Deborah Smith-Shank, “Semiotics and Material Culture Research Strategies”
This workshop will focus on semiotic strategies used to interrogate material culture and how material culture can be central to research methodologies. By considering material culture through semiotic lenses and identifying underlying codes and myths, it is possible to interrogate the intersections of objects and practices, the nature of our engagements with them, and the contexts through which they engage us at both the affective and cognitive levels. Exploring how and why things make sense within shifting codes of culture is semiotic inquiry, with the understanding that there is no one, or right, answer, and that answers are always contextual, and part of a meaningful, but continuing, story. As related to this year’s theme, material objects will be used as touchstones to consider how what we value enables us to know ourselves, facilitate connectedness, friendship, and perhaps even love.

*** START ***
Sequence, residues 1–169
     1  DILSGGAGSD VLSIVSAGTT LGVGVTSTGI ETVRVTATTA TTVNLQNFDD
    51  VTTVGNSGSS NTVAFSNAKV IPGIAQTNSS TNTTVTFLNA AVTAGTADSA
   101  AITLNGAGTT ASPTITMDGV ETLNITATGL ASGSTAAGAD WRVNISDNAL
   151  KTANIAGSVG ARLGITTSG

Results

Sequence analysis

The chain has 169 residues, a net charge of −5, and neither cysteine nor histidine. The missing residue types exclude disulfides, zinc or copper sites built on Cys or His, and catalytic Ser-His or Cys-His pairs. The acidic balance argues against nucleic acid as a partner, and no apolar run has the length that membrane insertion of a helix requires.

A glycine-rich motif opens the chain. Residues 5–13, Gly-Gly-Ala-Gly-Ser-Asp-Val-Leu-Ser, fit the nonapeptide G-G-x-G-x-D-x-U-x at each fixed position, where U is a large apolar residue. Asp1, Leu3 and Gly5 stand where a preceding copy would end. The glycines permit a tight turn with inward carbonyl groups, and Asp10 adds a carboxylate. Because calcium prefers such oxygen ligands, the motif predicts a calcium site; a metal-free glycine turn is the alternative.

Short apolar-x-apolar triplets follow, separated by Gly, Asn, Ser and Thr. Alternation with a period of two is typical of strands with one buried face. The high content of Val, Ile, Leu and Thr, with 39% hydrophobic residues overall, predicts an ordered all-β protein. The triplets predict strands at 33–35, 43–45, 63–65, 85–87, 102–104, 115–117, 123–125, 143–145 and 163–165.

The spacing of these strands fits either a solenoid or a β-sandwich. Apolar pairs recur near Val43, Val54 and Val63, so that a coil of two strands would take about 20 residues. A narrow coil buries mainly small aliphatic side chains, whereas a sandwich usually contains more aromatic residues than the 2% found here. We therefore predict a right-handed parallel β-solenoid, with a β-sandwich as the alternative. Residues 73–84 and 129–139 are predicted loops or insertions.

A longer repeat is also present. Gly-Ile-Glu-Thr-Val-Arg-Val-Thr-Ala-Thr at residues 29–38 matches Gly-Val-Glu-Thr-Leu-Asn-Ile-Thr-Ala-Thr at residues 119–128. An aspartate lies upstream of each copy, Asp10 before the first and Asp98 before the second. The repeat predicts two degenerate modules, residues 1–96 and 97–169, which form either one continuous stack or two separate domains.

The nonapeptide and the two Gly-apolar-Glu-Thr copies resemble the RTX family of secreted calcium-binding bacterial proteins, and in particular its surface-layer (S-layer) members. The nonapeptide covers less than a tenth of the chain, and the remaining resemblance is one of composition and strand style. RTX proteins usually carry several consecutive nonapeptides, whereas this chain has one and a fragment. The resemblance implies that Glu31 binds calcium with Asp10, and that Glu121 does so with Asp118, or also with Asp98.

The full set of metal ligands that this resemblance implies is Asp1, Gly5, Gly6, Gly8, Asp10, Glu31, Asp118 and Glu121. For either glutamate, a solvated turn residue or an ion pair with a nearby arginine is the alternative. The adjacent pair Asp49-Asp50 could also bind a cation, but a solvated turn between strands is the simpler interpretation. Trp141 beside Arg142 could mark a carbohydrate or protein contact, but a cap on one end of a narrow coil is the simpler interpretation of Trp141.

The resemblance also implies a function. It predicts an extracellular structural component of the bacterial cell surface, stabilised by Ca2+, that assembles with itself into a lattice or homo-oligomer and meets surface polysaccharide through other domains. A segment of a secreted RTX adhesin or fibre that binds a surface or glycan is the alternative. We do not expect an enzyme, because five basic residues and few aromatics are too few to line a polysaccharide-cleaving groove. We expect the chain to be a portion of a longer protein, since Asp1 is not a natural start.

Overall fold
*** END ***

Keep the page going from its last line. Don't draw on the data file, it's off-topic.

Deborah Smith-Shank, Ph.D. is Professor and Chair of art education at the Ohio State University. Among her numerous publications is the edited book, Semiotics and Visual Culture: Sights, Signs, and Significance (2004). She served the National Art Education Association as president of the Women’s Caucus from 1998-2000 and president of LGBTIQ from 2001-2003 and the International Society for Education Through Art (InSEA) as executive secretary of the World Council from 2002-2005, World Councilor from 2005-2007, and she currently serves as elected Vice President. Smith-Shank has published over 80 papers in national and international venues and has received national teaching awards and grants to conduct research on material culture and gender in Ireland, Canada, Croatia, the Netherlands, and in the United States.